Here are some of the stories we have had in our weekly Tidbits. To read our current edition simply click on the tab above for Read Online.

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Come along with Tidbits as we play with some dangerous toys!


• The A.C. Gilbert toy company had a hit in 1913 when they invented the erector set. The company went on to release many educational toys such as microscopes and magic tricks. However, there were issues with several of their products. One was a chemistry set which offered 56 different chemicals. There was potassium nitrate (used in gunpowder); ammonium nitrate (used in bombs); nitric acid (used in rocket fuel); sulfuric acid (highly corrosive); and calcium hypochlorite (creates poisonous gas). A piece of safety advice, offered on the page with instructions for creating an explosion out of homemade gunpowder, was: “Do not try this on a bigger scale or a larger explosion will result.”

• The kits were intended to be used under adult supervision while strictly following the instructions but that didn’t always happen. Given the proclivity of kids to mix things up, such as adding sodium ferro-cyanide to iron ions to create poisonous cyanide, parents became concerned and A.C. Gilbert Corp. had to release chemistry sets with more mundane chemicals.

• Another of A.C. Gilbert’s bad ideas was the glassblowing kit. What could possibly go wrong when you hand a kid a blow torch and encourage them to heat a glob of glass to 1,000 F and then do a bunch of experiments with molten glass? No safety equipment was included in the kit, nor even suggested in the manual. The guidebook contained complete instructions on how to make glass straws, champagne glasses, window glass, and even beakers. “You’ll know the glass is hot when it’s glowing red.”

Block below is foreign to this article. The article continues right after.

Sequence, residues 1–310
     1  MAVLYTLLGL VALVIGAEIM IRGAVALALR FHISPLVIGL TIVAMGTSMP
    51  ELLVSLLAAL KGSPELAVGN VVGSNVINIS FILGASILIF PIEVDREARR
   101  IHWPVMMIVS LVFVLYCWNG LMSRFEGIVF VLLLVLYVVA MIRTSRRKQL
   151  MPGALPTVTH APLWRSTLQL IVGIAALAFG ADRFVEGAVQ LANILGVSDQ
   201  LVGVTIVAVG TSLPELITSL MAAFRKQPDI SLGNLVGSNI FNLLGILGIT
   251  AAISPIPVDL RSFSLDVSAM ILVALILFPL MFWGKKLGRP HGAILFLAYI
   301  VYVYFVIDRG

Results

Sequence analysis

•  If melting glass wasn’t dangerous enough, A.C. Gilbert also released the Kaster Kit with everything needed to melt metal to create die-cast figures. Kids melted lead in an electric crucible that reached temperatures up to 400 F and poured the molten metal into one of 32 different molds in order to create their own lead soldiers. The manual contained only a single piece of safety advice: “Don’t pour water into the molten metal.”

•  Perhaps the very worst of A.C. Gilbert’s ideas was the U-238 Atomic Energy Lab. The kit included a Geiger counter that ran on three C-cell batteries, three types of uranium ore, a nuclear fission chamber, radium samples, polonium samples, and an electroscope. A form in the back of the manual allowed kids to send off for mail-order uranium refills, as well as instructions on how to search for uranium deposits where you lived. The kit also included a comic book called “Dagwood Splits the Atom” in which Dagwood and Blondie, along with Popeye, gave kids a crash course in atomic energy. Some of the experiments required kids to go out and purchase their own block of dry ice, which has a temperature of -109.3 F  The U-238 Atomic Energy Lab was released in 1950 and removed from the market in 1951.